§ MR. HAVELOCK WILSON
said that it would be found that his return was more reliable. Where did the hon. Member get his additional seamen from? They lost annually as many as they gained in apprentices and seamen. The hon. Member said there were over 400,000 in the Navy, Mercantile Marine and the fishing industry, and that left 300,000 outside the Navy. He said there were no such numbers. There were thousands of foreigners engaged on board British ships with discharges which were not their own. They claimed to be Britishers, although they could not speak a word of their language. He contended that it was a very poor outlook indeed for their Naval Reserve. There was no reason to believe, as alleged by the hon. Member, that the British-born sailor was spoiling for a fight. There was no reason why he should be anxious to fight. In the time of peace he was denied employment. ["Oh!"] It was so. He had seen them denied employment on board their ships on the ground that they were Britishers. Foreigners were preferred because they were cheaper and worked longer hours, and these rejected men were the men who were supposed to be spoiling for a fight. He should like to know what the Admiralty intended to do with the two classes of Naval Reserves which they proposed to form? Did they intend that the competent merchant sailor should be placed upon the same footing as the ordinary fisherman. If so, that would not be at all a satisfactory arrangement to the merchant seaman. He should have liked to have heard something more satisfactory from the right hon. Gentleman with regard to the Naval Reserve pensions. The Naval Reserve men had been asking that their pensions should commence at 50 instead of at 60 years of age, and he should be glad if the right hon. Gentleman would give the Committee some information as to what he intended to do in the matter. ["Hear, hear!"]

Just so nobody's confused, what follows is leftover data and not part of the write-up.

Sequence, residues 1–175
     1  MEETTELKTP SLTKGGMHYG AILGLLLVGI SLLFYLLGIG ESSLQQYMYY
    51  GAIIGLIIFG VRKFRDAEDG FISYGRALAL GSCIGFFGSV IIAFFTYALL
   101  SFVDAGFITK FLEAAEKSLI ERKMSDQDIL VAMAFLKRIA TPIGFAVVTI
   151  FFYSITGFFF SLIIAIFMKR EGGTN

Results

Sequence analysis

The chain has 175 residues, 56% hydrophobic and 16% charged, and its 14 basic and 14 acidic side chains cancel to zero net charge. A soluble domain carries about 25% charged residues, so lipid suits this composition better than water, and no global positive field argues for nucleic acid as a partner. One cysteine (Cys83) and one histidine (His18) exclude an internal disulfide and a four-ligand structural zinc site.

§ GENERAL LAURIE (Pembroke and Haverfordwest)
said that he desired to refer to a subject that had been mentioned last Friday, but which he had not 637 then spoken to, as the right hon. Gentleman the First Lord of the Admiralty had asked that the Speaker should be allowed to leave the Chair. The subject was that of the employment of the Royal Marines at naval stations abroad. The Marines were now doing garrison duty at Vancouver's Island, and as the employment of them for such purposes was merely tentative, this was an opportunity to say how it had worked. The right hon. Gentleman the First Lord of the Admiralty had stated more than once this Session that in case of war he should not see his way to relieve our garrisons abroad. In that case the right hon. Gentleman must also not see his way to reinforce our squadrons abroad. If, however, the Marines were employed in garrison duty at our foreign stations, they would be ready at once to reinforce the squadrons in case of necessity. It might be asked, who were to take their places in the event of their being required to reinforce the squadrons? In the cases of Esquimalt and Halifax—two places with regard to which he had himself had some experience, as he bad commanded the local forces at both—he could say that there would be no difficulty in replacing the garrisons by the local forces. At Halifax he had been able to relieve the garrison by local forces at three hours' notice when required for active service, thus leaving the garrisons free for other work. ["Hear, hear!"] He trusted that the admiralty would consider his proposal, and would not dismiss it as an impracticable suggestion. Considerable difference of opinion appeared to prevail with regard to the number of seamen available for the Naval Reserve. The hon. Member for king's Lynn appeared to think that it consisted of a very large body of men; but other speakers believed that it consisted of only a small body. He could not see why we did not obtain powers to enrol and train a Naval Reserve to our colonies. As regarded Canada, she had over 70,000 deep-sea fishermen, and in the constituency he represented in the 638 Dominion Parliament there were between 4,000 and 5,000 deep-sea fishermen, who were as thorough seamen as any who were to be found in the world. ["Hear, hear!"] The question was raised whether, if these men were enrolled in the Reserve, we might not be training men who would carry the knowledge they gained into another navy; but that was a risk the country must take, even in the training of a reserve in England. At any rate, he could guarantee that there would be no more risk of Canadian Reserve men going to another navy than of English Reserve men doing so; and the Canadian Government and people would look with the greatest interest upon such an experiment, and would give their best assistance to make it a success. ["Hear, hear!"] He had received a letter from the Finance Minister of the Dominion, in which that gentleman said that the project was one that would be received with hearty approval by the Government and people of the Dominion.